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Chinese New Year Culture & Traditions

For centuries, Chinese in China have depended heavily on the almanac to determine the weather and seasons for seed planting and crop harvesting, as China is primarily an agricultural country. Therefore, farmers could plan their harvest and planting of new seeds.

Winter was definitely a harsh season in ancient China, and it was a period of hibernation. In preparation for winter, where there was no fresh food to eat because farmers were unable to plough their land, they would preserve their meat by waxing them in autumn, as the northerly wind blew.

 

And as they stayed indoors to rest and awaited the arrival of spring, it was also a time to clean up their houses and the prayer altar. This major cleaning is known as “spring cleaning”.

The arrival of spring is a big deal for the Chinese, having survived the extreme conditions of winter. Known as Chinese New Year or Spring Festival, this celebration marks the beginning of everything new, including plans and goals, and especially, new hopes for the coming year.

Foreword

The much-anticipated Visit Malaysia Year 2014 (VMY2014) campaign kicked off in a grand fashion on Saturday, January 4 at Dataran Meredeka, Kuala Lumpur.  It was accompanied by fireworks and a fascinating presentation on Malaysia’s rich racial and cultural diversity with the iconic Sultan Abdul Samad Building as backdrop.

Officiated by Deputy Prime Minister Tan Sri Muhyiddin Yassin, this fourth edition of Visit Malaysia Year campaign is themed “Celebrating 1Malaysia Truly Asia” with the Proboscis Monkey as the official mascot. In line with this theme, more than two hundred exciting events and festivals have been lined up for the entire year to attract more tourists to our shores.

Perak is not left behind as we also have a packed Calendar of Events, which can be found on Page 4 of this newsletter. We kicked off the year with a bike ride around the Royal town of Kuala Kangsar and in February, we will be hosting the Arts and Culture Fiesta at Royal Belum.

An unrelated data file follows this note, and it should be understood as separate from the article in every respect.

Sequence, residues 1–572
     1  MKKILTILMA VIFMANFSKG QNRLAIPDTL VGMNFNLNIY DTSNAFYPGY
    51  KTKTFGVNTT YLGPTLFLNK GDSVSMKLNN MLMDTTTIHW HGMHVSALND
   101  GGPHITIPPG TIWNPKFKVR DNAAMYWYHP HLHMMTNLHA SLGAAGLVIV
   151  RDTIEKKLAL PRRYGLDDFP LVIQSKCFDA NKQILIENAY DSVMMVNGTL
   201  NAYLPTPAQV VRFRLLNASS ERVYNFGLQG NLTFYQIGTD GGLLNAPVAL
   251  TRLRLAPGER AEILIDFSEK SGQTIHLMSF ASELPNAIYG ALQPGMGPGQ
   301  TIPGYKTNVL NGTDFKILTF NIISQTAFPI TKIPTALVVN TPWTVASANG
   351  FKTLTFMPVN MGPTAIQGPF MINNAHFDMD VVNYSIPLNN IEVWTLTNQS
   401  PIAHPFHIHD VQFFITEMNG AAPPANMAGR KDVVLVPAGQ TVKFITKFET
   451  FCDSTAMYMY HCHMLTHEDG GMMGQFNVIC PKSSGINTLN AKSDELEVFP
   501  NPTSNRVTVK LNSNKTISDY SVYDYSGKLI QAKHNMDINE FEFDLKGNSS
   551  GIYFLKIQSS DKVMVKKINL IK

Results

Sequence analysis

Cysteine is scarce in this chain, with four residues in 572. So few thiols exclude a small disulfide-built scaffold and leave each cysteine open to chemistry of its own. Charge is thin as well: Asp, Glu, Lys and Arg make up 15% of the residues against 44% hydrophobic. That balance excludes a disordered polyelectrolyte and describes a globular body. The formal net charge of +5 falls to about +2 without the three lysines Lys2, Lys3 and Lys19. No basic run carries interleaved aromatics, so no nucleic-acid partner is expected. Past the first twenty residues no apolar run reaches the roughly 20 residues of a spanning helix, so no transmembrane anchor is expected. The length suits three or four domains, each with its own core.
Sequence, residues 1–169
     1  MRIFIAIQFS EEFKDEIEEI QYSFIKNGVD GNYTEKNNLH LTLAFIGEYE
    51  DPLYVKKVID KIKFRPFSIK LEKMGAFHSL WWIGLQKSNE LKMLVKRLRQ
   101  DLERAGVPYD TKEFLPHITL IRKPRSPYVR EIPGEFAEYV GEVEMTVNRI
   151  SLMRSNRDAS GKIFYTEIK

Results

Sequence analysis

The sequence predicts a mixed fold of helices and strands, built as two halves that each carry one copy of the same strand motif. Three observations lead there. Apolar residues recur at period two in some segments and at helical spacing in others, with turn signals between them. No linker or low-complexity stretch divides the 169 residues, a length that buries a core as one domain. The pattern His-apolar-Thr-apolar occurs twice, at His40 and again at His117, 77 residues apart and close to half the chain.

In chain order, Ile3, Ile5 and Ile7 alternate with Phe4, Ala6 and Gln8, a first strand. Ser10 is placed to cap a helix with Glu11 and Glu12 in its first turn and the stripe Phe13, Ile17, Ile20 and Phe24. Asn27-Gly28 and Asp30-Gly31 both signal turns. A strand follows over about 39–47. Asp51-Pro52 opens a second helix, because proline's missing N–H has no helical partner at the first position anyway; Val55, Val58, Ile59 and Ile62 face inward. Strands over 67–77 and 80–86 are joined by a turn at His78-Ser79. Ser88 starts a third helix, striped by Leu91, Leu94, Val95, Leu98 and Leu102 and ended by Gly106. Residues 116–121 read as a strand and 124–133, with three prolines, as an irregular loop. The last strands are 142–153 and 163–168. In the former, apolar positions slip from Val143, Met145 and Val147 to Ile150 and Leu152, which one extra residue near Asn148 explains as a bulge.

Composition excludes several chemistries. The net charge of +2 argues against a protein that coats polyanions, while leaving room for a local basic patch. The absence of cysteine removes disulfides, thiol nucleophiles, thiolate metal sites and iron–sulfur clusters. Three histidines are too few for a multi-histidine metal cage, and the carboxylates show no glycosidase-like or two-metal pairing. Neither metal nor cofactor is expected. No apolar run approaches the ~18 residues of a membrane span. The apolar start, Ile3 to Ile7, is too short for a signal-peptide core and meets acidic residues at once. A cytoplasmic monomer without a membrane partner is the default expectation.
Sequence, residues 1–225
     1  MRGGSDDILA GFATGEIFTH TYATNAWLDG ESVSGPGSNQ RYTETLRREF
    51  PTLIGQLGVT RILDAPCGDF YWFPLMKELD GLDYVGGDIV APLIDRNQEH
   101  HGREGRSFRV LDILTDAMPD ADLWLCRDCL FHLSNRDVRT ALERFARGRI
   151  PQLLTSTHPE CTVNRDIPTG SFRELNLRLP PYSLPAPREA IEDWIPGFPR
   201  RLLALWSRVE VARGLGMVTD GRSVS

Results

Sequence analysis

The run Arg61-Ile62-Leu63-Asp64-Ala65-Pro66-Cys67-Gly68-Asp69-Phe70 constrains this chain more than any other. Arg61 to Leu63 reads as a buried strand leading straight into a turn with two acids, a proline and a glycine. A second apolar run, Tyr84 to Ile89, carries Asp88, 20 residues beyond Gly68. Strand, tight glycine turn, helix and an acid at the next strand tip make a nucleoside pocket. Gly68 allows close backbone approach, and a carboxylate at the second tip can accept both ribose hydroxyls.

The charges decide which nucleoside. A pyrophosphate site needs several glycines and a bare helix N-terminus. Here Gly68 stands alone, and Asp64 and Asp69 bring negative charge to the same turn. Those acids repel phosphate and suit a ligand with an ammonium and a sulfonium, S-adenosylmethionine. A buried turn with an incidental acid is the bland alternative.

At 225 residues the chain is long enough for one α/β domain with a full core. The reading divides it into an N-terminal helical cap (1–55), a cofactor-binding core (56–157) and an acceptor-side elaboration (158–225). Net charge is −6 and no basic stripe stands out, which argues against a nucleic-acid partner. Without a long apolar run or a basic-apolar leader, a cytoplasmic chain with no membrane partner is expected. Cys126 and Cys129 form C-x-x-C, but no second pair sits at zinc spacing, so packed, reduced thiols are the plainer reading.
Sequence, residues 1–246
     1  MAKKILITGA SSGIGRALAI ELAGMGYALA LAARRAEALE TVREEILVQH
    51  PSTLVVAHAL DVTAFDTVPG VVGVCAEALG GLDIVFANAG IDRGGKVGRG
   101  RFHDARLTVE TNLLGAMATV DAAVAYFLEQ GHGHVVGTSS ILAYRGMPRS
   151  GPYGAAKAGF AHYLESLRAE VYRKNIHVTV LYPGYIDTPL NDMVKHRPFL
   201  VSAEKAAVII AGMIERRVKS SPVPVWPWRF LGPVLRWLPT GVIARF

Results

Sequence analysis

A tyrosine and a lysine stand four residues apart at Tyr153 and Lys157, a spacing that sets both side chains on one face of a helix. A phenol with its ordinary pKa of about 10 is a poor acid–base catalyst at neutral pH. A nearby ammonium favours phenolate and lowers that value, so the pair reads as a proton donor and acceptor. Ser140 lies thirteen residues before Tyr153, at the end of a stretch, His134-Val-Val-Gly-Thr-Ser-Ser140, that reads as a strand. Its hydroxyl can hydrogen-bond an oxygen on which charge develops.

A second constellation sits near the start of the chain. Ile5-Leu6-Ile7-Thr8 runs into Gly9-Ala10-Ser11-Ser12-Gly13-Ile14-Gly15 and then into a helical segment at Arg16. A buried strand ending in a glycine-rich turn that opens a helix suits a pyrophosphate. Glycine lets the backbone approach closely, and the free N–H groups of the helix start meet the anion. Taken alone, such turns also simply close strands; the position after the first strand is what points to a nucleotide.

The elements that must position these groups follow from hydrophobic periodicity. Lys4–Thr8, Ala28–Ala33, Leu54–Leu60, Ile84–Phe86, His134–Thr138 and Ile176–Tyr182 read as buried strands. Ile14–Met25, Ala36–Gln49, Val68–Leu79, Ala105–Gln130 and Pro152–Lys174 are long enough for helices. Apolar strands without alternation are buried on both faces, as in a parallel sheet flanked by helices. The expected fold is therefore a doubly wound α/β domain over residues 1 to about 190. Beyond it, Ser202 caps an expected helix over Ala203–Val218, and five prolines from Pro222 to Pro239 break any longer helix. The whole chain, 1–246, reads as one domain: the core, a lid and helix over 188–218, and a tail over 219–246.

Some other events of international repute planned for the year include the Ipoh International Waiters Race, Pesta Laut Pangkor, the Royal Belum World Drums Festival and Ipoh International Run.

Minister of Tourism and Culture, Dato’ Seri Mohamed Nazri Abdul Aziz, during his speech at the launch, urged all Malaysians to come together in ensuring the success of VMY 2014. With a likable concept of “We are the H.O.S.T.” (Heart, Open, Smile and Together) the stage is set for a very exciting and fun-filled year.

With this in mind, I implore upon all Perakeans to join hands and help realise the Government’s 2014 target of 28 million in tourist arrivals and RM76 billion in tourist receipts. Let’s do our part although most will be busy with Chinese New Year preparations.

And for those of you who are celebrating this auspicious festival, I wish you a Happy and Prosperous Chinese New Year. “Gong Xi Fai Cai”.

Reunion dinner

Spring Festival is a celebration that spans a total of 16 days, from the last day of the year according to the Chinese Lunar Calendar, until the fifteenth day of the New Year.

The final day of the lunar year is celebrated with a reunion dinner, where every member of the family is expected to return to the ancestral home to join in the occasion with the elders and to usher in the New Year. It is the time for the entire family to gather together.

The reunion dinner is also a time when the younger generation shows filial piety to the elders.

The patriarch or matriarch, in his absence, would begin eating before the rest of the family. Feasting on traditional food with ‘lucky’ sounding names, compulsory dishes would be fish and meat, to signify “extra” for the coming year. More food is prepared to be purposely left over for the following day.

After dinner, the elders would distribute li xi to the younger members of the family. Li xi is money stuffed inside a small red envelope given to someone younger, usually unmarried, to wish him or her well. In Malaysia, li xi is commonly known as ang pow.

Taoist master from Ipoh’s Loong Thow Ngam temple, Sifu Lee Sooi Fong, said, “Traditionally, this li xi was placed under the pillow of the recipient, or on the dresser. It was supposed to be a surprise, a form of encouragement and reward, but also blessings. It is the wish of the elder to see improvement in the young in the coming year.”

Besides a reunion dinner, some non-Christian Chinese families would also set up an altar in their compound to invite the God of Wealth into their homes.

The giving of “ang pow”